Housing Minister Chris Pincher and Housing Secretary Robert Jenrick stayed well clear of the Dominic Cummings row over the weekend - at least until the controversy neared the end of its third day.
The Cummings row is well documented and concerns his trip from London to Durham during the strictest period of the lockdown and, shortly before his return to the capital, a 30 mile trip to a local beauty spot in the north of England, apparently to test his eyesight and ability to drive the full return journey.
The Prime Minister has given Cummings his support, explaining the trips were “responsible and legal” to assist in the wellbeing of Cummings’ four year old child.
On Saturday a large number of Cabinet ministers tried to prevent the issue blowing up by posting orchestrated supportive tweets with near-identical messages; these came from high profile ministers Rishi Sunak, Michael Gove, Matt Hancock and many others - but not Housing Secretary Jenrick.
He had reasons to be quiet on the issue: the Cummings controversy, which dominated two of the daily No 10 press briefings on the virus crisis, drowned out an announcement Jenrick made about his rough sleeping initiative.
The proposals set out plans to provide thousands of long-term, safe homes for vulnerable rough sleepers taken off the streets during the pandemic.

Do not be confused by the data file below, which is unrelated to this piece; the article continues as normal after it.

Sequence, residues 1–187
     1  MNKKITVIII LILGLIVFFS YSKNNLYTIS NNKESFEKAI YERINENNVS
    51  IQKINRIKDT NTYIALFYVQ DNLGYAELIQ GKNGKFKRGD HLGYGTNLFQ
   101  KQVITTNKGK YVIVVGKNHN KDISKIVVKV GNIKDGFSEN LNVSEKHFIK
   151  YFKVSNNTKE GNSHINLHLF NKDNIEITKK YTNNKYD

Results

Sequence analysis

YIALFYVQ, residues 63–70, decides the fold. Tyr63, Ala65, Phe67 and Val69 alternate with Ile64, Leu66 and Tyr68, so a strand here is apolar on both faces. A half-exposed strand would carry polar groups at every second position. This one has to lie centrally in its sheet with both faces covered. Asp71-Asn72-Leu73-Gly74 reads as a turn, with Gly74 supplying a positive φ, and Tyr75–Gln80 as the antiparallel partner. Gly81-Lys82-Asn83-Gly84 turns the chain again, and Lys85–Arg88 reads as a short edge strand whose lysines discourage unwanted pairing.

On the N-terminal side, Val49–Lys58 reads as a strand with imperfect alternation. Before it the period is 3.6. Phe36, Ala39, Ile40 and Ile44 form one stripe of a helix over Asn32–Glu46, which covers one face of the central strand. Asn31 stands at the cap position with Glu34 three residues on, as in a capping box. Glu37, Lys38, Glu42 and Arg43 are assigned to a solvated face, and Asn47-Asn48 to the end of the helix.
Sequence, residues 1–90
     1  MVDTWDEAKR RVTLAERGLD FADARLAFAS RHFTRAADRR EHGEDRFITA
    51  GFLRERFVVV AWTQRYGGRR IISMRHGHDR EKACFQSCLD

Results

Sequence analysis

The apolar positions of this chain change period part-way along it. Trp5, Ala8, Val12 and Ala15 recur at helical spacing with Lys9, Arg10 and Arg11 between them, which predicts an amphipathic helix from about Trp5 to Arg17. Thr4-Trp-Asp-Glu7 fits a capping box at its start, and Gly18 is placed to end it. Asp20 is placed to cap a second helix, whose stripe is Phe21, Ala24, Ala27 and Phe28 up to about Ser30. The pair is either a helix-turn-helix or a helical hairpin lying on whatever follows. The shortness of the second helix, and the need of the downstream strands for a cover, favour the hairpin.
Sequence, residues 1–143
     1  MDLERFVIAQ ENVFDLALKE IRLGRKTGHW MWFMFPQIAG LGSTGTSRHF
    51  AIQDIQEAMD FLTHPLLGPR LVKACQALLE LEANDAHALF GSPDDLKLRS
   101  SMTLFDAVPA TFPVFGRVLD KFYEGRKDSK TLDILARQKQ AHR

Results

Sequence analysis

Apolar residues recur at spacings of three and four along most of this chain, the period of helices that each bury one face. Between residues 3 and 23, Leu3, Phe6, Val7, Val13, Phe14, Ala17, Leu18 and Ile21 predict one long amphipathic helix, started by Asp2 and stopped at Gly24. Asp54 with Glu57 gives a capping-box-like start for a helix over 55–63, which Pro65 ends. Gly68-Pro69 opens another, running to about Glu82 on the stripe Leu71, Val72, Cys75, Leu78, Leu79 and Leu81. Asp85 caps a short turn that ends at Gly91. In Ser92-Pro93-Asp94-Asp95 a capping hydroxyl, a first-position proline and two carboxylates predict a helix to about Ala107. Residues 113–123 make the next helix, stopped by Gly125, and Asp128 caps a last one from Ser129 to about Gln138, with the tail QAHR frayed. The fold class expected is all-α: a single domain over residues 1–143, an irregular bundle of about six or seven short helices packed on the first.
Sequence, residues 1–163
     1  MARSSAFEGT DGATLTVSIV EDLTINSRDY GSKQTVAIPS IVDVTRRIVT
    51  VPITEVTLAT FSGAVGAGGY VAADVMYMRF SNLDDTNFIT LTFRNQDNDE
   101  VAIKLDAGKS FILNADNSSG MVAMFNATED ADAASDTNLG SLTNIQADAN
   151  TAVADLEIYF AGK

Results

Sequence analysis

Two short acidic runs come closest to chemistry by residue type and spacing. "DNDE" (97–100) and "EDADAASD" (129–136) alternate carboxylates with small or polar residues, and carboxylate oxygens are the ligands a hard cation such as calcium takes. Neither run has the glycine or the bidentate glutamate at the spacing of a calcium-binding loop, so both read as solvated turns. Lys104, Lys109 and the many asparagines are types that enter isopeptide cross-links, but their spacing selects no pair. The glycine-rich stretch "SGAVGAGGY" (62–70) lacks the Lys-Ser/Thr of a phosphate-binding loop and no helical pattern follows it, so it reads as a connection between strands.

This involves £160m spending by the government this year plus accelerating plans for £381m to be spent on rough sleeping services, as announced in February’s Budget.
Another reason for Jenrick’s silence on the Cummings issue before it was apparently resolved was that he himself was some weeks ago accused of breaking the lockdown by travelling 40 miles to see his parents at their Shropshire home, and for travelling 150 miles from his London property, where he stayed at the start of the lockdown, to his Herefordshire home from where he travelled to his parents.
Jenrick said that he had gone to deliver food and medicine to his isolating parents, and insisted that returning to his family home was not against the rules, as his work in London at the start of the pandemic was essential.
Eventually last evening - after Cummings made his explanation to journalists and a TV audience - Jenrick tweeted that the adviser “put no one else at risk” and “did what he believed was reasonable and within the rules.”
Chris Pincher - who also steered clear of any comment until last evening - was more guarded, tweeting at about the same time: “It was right for Dom Cummings to clearly and fully explain the detail behind decisions.he made for his family in these exceptional circumstances.”
Over the three day weekend, as the Cummings controversy raged, Hunters chairman and Conservative MP Kevin Hollinrake issued three tweets on the issue.
On Saturday he endorsed a comment by Cabinet minister Michael Gove, giving support to Cummings.
Then on Sunday Hollinrake tweeted: “If a constituent had called me and said that they and their partner had both got Covid and could take their four year old to family, I would have said yes. If they said they could revisit their family afterwards, I would have said no. If latter has happened then that’s unacceptable.”
Yesterday, after Dominic Cummings gave his lengthy account to journalists, Hollinrake tweeted: “Detailed and fair explanation of events, in my view, time to move on.”